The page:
There are obviously many reasons why Git is awesome (and why it sucks too), and there comes a point where it helps to dispel some of the rumors and issues surrounding Git. The following list attempts to show what Git is not. If you have your own reasons, feel free to contribute them to the comments and they may be added in.
Git works a lot differently than SVN and CVS. Probably the biggest difference is that Git stores content primarily, and it works mostly by taking snapshots of the information available. (This is why Git is commonly referred to as a ‘dumb information tracker’). Its algorithm for storing changes is fundamentally different from Subversion, and it much more efficient at doing so.
Also, if you’re used to having all of your projects in one huge repository, Git doesn’t really work like that either. Repositories are meant mostly for single projects, and then you could use submodules that link to other repos if needed. A tip covering how to deal with this situation will definitely be coming in the future.
The differences between Git and SVN could be in their own series of tips, but the Git-SVN Crash Course does a great job for those considering making the switch with drawing parallels.
Local commits are a huge advantage to using Git, and it means that your workflow can be made a lot smoother since it’s not talking over the network to a central server for most actions. If you want to know more about how this works, check out this post on the staging area or this one on pushing and pulling.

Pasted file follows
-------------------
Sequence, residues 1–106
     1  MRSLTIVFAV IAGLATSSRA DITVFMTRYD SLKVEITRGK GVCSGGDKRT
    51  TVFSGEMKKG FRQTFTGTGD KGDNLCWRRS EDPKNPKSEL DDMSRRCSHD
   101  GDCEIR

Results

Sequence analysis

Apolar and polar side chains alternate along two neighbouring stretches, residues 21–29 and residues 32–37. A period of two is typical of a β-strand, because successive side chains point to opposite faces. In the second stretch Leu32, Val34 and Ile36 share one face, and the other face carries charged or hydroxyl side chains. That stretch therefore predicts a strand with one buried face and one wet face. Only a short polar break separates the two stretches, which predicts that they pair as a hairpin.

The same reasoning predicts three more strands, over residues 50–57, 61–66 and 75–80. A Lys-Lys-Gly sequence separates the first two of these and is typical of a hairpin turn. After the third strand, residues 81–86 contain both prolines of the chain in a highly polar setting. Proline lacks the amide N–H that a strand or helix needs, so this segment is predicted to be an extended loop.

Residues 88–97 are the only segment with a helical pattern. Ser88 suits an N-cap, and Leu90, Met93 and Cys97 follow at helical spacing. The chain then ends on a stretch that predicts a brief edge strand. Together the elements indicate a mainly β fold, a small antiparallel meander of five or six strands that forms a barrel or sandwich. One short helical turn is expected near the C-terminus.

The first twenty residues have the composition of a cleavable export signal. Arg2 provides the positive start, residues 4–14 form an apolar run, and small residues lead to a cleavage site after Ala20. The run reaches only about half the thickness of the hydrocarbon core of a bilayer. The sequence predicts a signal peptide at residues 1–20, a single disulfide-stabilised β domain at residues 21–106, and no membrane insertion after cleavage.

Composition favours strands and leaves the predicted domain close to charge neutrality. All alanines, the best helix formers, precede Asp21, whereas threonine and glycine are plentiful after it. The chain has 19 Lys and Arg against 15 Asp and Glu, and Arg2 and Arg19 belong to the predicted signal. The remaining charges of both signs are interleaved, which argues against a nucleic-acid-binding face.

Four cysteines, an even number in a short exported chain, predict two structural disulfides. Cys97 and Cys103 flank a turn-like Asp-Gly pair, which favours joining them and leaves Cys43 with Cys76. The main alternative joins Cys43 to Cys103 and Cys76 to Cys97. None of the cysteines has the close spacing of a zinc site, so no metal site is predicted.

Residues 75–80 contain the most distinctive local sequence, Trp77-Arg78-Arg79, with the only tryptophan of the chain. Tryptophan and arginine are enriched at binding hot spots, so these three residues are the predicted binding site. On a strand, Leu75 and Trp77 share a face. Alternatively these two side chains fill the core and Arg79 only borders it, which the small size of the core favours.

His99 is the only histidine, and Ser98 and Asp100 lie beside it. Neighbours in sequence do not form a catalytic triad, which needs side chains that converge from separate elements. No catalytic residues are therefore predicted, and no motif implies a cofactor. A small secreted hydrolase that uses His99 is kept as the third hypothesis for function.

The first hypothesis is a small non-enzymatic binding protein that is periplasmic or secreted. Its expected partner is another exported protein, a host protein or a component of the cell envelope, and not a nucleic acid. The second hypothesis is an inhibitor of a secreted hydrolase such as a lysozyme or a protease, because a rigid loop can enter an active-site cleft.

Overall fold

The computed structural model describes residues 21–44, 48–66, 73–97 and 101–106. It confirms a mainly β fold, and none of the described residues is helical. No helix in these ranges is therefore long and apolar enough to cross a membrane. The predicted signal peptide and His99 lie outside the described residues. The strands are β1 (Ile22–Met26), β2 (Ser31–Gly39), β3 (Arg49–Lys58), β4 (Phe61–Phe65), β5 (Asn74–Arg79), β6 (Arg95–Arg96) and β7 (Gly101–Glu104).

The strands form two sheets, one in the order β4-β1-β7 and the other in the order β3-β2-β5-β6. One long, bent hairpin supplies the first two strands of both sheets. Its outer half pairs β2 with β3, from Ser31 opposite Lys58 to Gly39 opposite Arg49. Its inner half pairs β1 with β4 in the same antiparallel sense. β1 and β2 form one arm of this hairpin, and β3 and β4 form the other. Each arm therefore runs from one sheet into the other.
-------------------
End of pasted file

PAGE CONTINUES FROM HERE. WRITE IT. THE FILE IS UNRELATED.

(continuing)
Another awesome advantage is that there’s one place where git stores its files for your repository (usually the
.git directory) and it doesn’t litter your working copy with thousands of hidden directories and files like SVN does.
Git can be installed on virtually every modern operating system, and it definitely works on Windows. GUI support isn’t there 100% on Windows, but plenty of work is being done on integrating into Explorer and to the various IDEs available. There’s plenty of slick tools available on other operating systems such as GitX on OSX.
Setting up a Git repository is as simple as doing
git init in any directory. It can’t get much simpler for that. Sharing your changes with others is when things get a bit more interesting. Usually sharing your changes is one or two commands away. Hosting your changes somewhere the right way can be a little tricky though: usually for self setup the best way to go is using gitosis, which is an tool that helps with getting SSH keys for users set up for commit access.
Git’s manpages are quite extensive (and verbose), but there are plenty of other guides available for learning online. Some of the best are listed in the resources section in this site’s footer! For those new to Git, I usually recommend the Git Community Book and running through some of the GitCasts videos. (Reading this site counts too!)
Yes, there’s a lot of alien terminology and some concepts that aren’t instantly familiar to every newcomer, but the underlying concepts that the system is based on are fundamentally and purposefully simple. One great example is the blob-tree-commit structure. Once the basic concepts behind Git are grasped, it’s really easy to make the tool work the way you want it instead of letting it force you into a specific workflow. Sure, too much flexibility could be a bad thing, but when it offers so much power and ease of use, why not?